The Web Effect on Print Copy

Maybe in the deep future catalog copy can revert to the ancient (pre-Web) days. During those calmer, gentler times the typical catalog recipient settled for a clinical description. A picture and a statement of what an item was and how it was put together usually was enough, because that was ample to be competitive with other catalogs. Not today. Printed catalogs compete with — or are feeder mechanisms for — Web parallels.

Except the two media aren’t parallel. The very nature of the Web, with visitors wielding their mighty mouse, demands more than naked description. To compete, the description has to be clothed in promise.

Catalogers quite naturally care about what an item is. Accuracy in description diminishes the number of returns. And yes, returns have become a major factor in the Internet era. Chalk up a high percentage of returns to the seller/sellee differential: The seller’s concern is what an item is; the sellee’s concern is what it will do for him.

Has the Web infected printed catalogs? Not because it’s the Web but because of the contagious mindset accompanying Finger-on-Mouse Syndrome, a condition that infects every facet of general marketing. Buyers make an instant decision; the faster the decision, the greater the likelihood of either a case of buyer’s remorse or “I didn’t expect it to [look][taste]function] like that.”

Replacing “What it is” with “What it will do for you” usually is as simple as opening a description with benefit. An example, from a well-written home goods catalog:

Enjoy all the luxury of one of the fabulous Parisian hotels in the comfort of your own boudoir. The breathtaking Paris bedding ensemble displays all the regal elegance that the French city is famous for, combined with a romance that will make you fall in love all over again. Imported. Machine washable, follow manufacturer’s instructions….

From there, the copy reverts — as it should — to physical description. The mood has been set, and the catalog recipient absorbs the description with a prescribed mood. The second paragraph begins, “A central sunburst medallion sets the stage for this magnificently open-quilted Bedspread.”

Another catalog, this one of women’s apparel, quickly gives the reader a reason to buy. The heading: “Blissfully Silky Shirt: may good fortune shine on its wearer.”

Carefully, the text opens with a fulfillment of that promise, covering a negative factor positively to reduce returns:

The Chinese character for “double happiness” is woven into the iridescent fabric of this Asian-inspired shirt. Each is created in Vietnam from rayon/silk using centuries-old techniques….

That wording diminishes any rejection factor that might arise when the garment arrives. A recipient is unlikely to object, “I don’t want rayon,” because the inclusion already has been provided as a plus.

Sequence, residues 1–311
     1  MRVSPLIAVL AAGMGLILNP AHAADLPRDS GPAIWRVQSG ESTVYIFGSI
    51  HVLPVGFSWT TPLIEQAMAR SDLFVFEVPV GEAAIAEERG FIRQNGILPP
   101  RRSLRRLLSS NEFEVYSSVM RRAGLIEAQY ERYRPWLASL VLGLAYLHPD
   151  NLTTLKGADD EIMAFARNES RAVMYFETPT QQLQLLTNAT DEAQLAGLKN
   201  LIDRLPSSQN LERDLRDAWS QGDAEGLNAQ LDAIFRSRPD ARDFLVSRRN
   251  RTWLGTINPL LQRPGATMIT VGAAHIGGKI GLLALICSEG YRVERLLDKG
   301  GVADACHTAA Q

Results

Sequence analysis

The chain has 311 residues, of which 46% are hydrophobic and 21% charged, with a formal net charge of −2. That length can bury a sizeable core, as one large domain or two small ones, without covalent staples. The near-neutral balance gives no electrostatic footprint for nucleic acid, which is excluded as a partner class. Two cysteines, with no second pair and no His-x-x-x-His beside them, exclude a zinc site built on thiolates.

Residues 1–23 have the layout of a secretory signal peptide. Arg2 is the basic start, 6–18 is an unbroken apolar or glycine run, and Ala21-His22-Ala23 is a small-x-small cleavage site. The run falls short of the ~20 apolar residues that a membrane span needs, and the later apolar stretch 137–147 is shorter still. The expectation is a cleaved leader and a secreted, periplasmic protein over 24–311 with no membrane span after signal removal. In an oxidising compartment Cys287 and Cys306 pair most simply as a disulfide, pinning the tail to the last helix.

In the same catalog, this heading: “Jet-Set Dress moves from casual to dressy in an instant.”

Reason to buy is built into the description.

Acatalog I usually admire uses assumptive copy for many of its product descriptions. Nothing wrong with that — except in a competitive catalog, ambience copy needn’t march in place. This is the description of a set of steak knives:

Laguiole Steak Knife Set — Presented in a custom wooden box, six finely crafted Laguiole steak knives directly from France are at your service. These 18/10 stainless steel blades make cutting any steaks effortless. Full tang construction and the most recognizable mark of cutlery in the world: the Laguiole Bee. Set of six $300.

We can’t call any of this copy “wrong.” We can question “at your service” as the payoff for the first sentence. And the individual who has no prior recognition of the brand as “the most recognizable mark of cutlery in the world” or who may not be knowledgeable about “tang construction” would be nudged into a more likely buying posture if the text opened with wording such as, “The most recognizable mark of cutlery in the world…in your kitchen.”

The catalog featuring the Paris bedding ensemble demands click-throughs to find that item online. An attractive home page, on the same day the printed catalog arrived, differed totally in product. No problem, with a search/click to “Bed & Bath.” On that page, “Shop our brand name bedding.” Ah, there it is — Paris bedding.

Strangely, just about all the copy from the printed catalog appears on the Web page. But the sequence is scrambled. The first lines of text: Paris bed ensemble displays all the regal elegance that the French city is famous for. A central sunburst medallion sets the stage for this magnificently open-quilted Bedspread.

Lots of click options for immediate ordering, plus links to allied items. That’s proper Web procedure.

The home page of the company selling the knives has a “Search” box. Typing in “Laguiole” brings up a number of items. Clicking on “Laguiole Steak Knives” brings up copy identical to the printed catalog’s, with the knives shown, as they are in the printed catalog, against a limbo background.

So should Web presentation differ or not? As is so often true of comparative media, the answer is “maybe.” The applicable rule is one of logic: Remember where you are, and display accordingly.

Not easy to predict and determine, you say? Right on. That’s why we can claim the adjective “professional” before the noun “copywriter.”

Herschell Gordon Lewis is the principal of Lewis Enterprises in Fort Lauderdale, FL, and author of 30 books, including Catalog Copy That Sizzles and Effective E-Mail Marketing.

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